Technology has done the world a great deed. We take it for granted, but it never complains, it’s only there to serve.
But perhaps in a time of virus outbreaks and lockdowns, taking it for granted might have not been the best of moves.
Virus or no virus, there are already available technologies that should have been widely implemented.
One of them is cashless payment or better known as e-wallets. It’s a form of transaction where you’ll just need to tap your phone or scan a QR code to make payments. The money will then be deducted directly from your bank account or from your e-wallet’s balance.
It’s super-efficient and just requires a phone to do. But yet, many vendors and consumers are oblivious to its benefits.
It would have been a safe alternative when buying supplies during the lockdown.
Last weekend, I braved the dangers of going out to get supplies for my family and me. I rushed to my local grocery store – which had temperature tests and limited the number of people who could enter – to get some veggies, meat, and other household essentials.
I paid for my items with my debit card and I was off. On the way back, I stopped by a 7-Eleven store to pick up some snacks for the weekend.
The coronavirus is proven to linger on surfaces for up to 9 days. I was worried because paying with cash could spread the virus. But what made it more infuriating is that they didn’t allow me to pay with my card because ‘it didn’t meet the required amount for card payment’.
In fact, they didn’t accept any other form of cashless payments. I couldn’t even use RazerPay to make the payment despite Razer having its e-wallet service installed in all 7-Eleven stores but not this branch.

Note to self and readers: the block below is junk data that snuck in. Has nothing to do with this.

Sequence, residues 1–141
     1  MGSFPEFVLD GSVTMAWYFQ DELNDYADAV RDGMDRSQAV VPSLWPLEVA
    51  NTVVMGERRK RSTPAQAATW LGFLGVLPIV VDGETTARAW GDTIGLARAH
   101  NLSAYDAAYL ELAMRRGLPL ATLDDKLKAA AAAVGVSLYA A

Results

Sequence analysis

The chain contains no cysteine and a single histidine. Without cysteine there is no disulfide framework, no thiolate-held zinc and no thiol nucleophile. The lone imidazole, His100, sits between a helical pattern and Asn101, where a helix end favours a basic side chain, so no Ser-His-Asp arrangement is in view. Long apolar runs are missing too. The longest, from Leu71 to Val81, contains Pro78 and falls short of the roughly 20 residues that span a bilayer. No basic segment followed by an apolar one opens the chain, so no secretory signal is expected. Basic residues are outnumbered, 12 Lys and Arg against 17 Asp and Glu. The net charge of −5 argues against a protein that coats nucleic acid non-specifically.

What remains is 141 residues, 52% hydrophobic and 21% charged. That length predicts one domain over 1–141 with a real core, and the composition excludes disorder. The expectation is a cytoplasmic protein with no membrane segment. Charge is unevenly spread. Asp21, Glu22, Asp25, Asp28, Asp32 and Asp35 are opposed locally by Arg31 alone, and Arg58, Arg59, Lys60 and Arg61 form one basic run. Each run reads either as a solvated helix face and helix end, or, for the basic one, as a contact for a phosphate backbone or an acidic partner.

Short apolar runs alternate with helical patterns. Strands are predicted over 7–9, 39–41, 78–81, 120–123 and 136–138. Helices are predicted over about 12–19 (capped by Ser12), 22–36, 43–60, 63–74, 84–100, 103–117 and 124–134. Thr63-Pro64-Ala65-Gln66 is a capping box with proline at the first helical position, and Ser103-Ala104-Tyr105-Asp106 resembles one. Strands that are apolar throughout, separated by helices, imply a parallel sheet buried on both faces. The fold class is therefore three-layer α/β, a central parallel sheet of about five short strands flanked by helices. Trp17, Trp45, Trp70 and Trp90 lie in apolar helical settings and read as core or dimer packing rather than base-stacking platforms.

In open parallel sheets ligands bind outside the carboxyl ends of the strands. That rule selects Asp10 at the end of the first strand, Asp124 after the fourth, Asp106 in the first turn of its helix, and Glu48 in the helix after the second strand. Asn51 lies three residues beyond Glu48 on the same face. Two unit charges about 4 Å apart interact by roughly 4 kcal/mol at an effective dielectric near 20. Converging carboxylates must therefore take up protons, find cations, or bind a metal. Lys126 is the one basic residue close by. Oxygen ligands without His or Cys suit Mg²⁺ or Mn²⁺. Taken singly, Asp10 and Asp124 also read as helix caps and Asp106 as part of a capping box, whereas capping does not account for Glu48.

If you’re going to implement this service, go all out, don’t do it half-heartedly.
E-wallet companies are not focusing on the ‘right’ customers.
In Malaysia where I live, I can safely say that cashless payment is not widely used. Sure, GrabPay is the most used e-wallet in my country, but it would seem their aim is on big-name retailers.
Malaysia is well-known for its street food. Every corner and every turn, you’ll be able to find a stall selling yummy delights.
E-wallet companies never cared to educate these people about the benefits of cashless payments. How come? Is it because they’re small businesses so it’s not worth spending the resources to educate them?
Let’s be frank, we visit fancy restaurants for the sake of the ambiance – and to fuel our social media egos. In Malaysia, the best food are often served by Ma and Pa stalls. They sweat behind the wok all day cooking the best they can.
If e-wallet companies boast that cashless methods are easy and secure, how come these stalls don’t have them?
Education works for both vendors and consumers.
Another problem with e-wallets is the rate of adoption of consumers. Many people still don’t know or have no reason to need e-wallets.
Education needs to work not only on vendors but consumers as well. With the right words, e-wallet companies could start promoting their services which actually help in stopping the spread of the virus.
At the same time, e-wallets are also a good form of security. Malaysia is well-known for its snatch thieves. But if you’re not carrying around any cash, all you lose is your phone and ID cards, which can be tracked and reissued respectively.
Will we learn the benefits of e-wallets once the pandemic ends?
I sure as hell hope so!
If this pandemic has taught us anything, it’s the importance of hygiene and how a minuscule cell could end up causing a large scale catastrophic disruption. Implementing e-wallets might be a small step under normal circumstances. But at a time like time, it does feel huge.
You might not share my sentiments but just think about how much better if it was widely implemented before this whole virus and lockdown thing happened.
In a feeble attempt to push e-wallets in Malaysian, the government announced in early 2020 that it will provide RM30 (US$7) to citizens on their preferred e-wallet app to promote a cashless society. But with no prior education on how to use these services, what was the point?
Will e-wallet companies and governments learn from this? Your guess is as good as mine.